“This exciting $600,000 partnered investment will improve outcomes for cancer patients, while enhancing research and clinical collaborations among our College of Medicine, the Saskatchewan Health Authority, Royal University Hospital, and Royal University Hospital Foundation,” said USask Vice-President Research Karen Chad. “Saskatchewan clinicians and their patients will have access to state-of-the-art cancer imaging and surgery technologies.”
Geyer’s research program is part of the USask-led Advanced Diagnostic Research Laboratory (ADRL), a collaboration of the medical college, the Saskatchewan Cancer Agency, and the Saskatchewan Health Authority to develop new cancer diagnostic tests for Saskatchewan patients. Currently, many biopsies are being sent out of the province for testing. Faster results with in-province testing can positively impact patient outcomes.
In a second area of work, clinical trials will be conducted on two types of imaging antibodies to improve cancer diagnosis and tumor detection using PET-CT scanning, as well as enhancing image-guided surgeries that enable more precise tumor removal.
“Royal University Hospital Foundation commends Nutrien for its leadership, innovative thinking and forward-looking support to establish this clinical research chair,” said Arla Gustafson, CEO of the Royal University Hospital Foundation. “Nutrien is a great partner whose generosity in 2004, together with the leading-edge research of Dr. Geyer and his team, means our physicians and medical teams at RUH can continue to advance innovative patient care.”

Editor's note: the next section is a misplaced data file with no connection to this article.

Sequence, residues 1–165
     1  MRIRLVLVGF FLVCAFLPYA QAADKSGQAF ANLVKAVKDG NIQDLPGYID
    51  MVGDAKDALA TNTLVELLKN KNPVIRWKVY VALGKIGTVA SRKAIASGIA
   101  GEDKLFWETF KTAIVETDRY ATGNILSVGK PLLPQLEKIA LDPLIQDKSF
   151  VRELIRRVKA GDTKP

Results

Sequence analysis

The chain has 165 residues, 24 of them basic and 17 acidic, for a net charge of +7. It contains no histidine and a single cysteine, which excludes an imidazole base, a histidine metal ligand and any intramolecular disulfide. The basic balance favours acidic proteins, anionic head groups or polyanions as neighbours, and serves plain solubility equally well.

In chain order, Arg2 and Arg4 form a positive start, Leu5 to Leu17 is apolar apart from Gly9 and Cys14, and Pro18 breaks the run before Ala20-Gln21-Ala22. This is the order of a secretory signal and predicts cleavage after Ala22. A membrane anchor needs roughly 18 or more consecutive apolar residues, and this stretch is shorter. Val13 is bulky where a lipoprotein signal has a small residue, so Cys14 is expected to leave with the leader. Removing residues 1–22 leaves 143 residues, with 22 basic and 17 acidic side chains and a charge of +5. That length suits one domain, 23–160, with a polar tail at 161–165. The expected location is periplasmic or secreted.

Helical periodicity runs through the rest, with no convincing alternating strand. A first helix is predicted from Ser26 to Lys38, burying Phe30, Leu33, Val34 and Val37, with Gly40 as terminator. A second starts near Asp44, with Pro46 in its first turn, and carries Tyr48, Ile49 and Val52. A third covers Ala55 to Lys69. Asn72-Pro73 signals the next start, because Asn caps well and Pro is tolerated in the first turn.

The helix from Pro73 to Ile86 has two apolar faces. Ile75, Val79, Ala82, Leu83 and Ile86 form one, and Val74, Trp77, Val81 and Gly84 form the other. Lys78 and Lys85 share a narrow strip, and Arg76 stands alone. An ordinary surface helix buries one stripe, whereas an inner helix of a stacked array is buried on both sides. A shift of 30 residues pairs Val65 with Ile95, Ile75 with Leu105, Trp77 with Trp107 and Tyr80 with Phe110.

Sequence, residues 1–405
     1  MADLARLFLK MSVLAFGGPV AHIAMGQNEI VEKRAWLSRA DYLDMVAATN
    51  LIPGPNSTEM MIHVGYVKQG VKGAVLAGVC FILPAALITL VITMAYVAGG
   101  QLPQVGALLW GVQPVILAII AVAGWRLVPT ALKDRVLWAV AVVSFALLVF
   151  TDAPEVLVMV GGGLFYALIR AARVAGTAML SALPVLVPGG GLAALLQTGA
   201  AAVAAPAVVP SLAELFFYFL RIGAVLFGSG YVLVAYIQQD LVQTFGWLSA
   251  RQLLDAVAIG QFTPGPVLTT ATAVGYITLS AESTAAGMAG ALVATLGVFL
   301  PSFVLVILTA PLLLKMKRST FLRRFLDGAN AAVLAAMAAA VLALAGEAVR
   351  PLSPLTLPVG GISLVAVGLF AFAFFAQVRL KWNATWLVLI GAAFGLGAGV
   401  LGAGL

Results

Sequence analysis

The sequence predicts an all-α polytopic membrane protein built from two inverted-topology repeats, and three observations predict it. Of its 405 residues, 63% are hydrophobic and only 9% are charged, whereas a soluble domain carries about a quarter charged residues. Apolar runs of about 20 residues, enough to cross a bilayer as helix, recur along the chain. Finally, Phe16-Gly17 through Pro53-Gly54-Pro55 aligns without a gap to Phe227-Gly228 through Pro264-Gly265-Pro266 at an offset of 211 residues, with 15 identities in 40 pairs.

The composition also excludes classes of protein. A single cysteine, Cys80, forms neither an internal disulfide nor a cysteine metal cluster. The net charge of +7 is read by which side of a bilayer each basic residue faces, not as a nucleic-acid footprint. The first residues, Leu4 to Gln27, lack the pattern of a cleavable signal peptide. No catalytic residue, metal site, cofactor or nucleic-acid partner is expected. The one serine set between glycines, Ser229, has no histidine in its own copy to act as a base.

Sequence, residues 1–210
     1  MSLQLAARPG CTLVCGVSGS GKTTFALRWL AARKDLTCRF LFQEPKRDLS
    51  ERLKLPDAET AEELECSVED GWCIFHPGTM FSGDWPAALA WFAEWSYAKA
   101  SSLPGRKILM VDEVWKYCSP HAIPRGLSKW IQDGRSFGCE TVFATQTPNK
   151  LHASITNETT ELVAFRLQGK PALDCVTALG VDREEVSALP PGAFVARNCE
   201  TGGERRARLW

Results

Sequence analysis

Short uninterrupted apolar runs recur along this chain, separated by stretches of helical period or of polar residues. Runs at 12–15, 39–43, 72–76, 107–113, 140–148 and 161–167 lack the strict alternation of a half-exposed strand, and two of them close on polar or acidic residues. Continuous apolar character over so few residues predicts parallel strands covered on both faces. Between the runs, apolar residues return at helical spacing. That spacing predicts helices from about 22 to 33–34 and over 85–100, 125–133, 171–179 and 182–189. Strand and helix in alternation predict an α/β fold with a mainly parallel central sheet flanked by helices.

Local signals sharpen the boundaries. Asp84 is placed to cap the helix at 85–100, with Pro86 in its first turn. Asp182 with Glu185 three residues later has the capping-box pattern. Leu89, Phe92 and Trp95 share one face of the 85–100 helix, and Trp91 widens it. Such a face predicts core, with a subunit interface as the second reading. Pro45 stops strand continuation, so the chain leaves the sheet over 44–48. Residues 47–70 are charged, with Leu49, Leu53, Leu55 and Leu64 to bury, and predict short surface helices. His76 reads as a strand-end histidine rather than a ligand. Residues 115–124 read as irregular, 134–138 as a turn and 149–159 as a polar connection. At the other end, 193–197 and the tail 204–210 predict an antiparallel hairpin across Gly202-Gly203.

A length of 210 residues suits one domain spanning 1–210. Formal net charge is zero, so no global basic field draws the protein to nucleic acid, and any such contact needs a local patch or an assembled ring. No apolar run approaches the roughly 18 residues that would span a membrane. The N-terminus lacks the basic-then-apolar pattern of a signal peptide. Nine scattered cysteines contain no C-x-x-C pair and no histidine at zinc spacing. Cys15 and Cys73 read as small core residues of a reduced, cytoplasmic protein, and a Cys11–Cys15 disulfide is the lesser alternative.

Geyer’s research program builds on work at the USask Centre for Biologic Imaging Research and Development established by Geyer in 2014 with colleagues Dr. Humphrey Fonge (PhD) and Dr. Paul Babyn (MD). The team collaborates with the university’s Saskatchewan Centre for Cyclotron Sciences, managed by the Fedoruk Centre at USask, to develop the next generation of molecular imaging agents for cancer diagnostics.
Through clinical trials, Saskatchewan patients and clinicians will have first access to the new PET imaging probe and to the first molecular-targeted, image-guided surgical program in Canada.
“We are excited to be supported in these next phases of our work focused on precision medicine leading to new therapies and monitoring strategies tailored to individual patients,” said Geyer, a professor in pathology and laboratory medicine. His term as chair took effect October 1, 2019.
Working out of the ADRL in the USask Health Sciences Building, Geyer will provide the expertise and infrastructure necessary to train clinicians in the use of new molecular cancer tests for clinical care at Royal University Hospital (RUH), thereby reducing patient travel time for tests, decreasing test turnaround times, and improving therapy monitoring and surgical outcomes.
“Ron is a wonderful choice for this clinical research chair given the incredibly important work he and his team do that directly impacts patient care through cancer diagnostics, imaging and image-guided surgery,” said Dr. Marek Radomski (PhD), vice-dean research for the College of Medicine, which contributed $100,000 over five years.The endowed chair was established in 2004 through a $1.5-million donation from Nutrien to Royal University Hospital Foundation to recognize excellence in clinical research at USask and accelerate clinical care within the Saskatchewan Health Authority at RUH.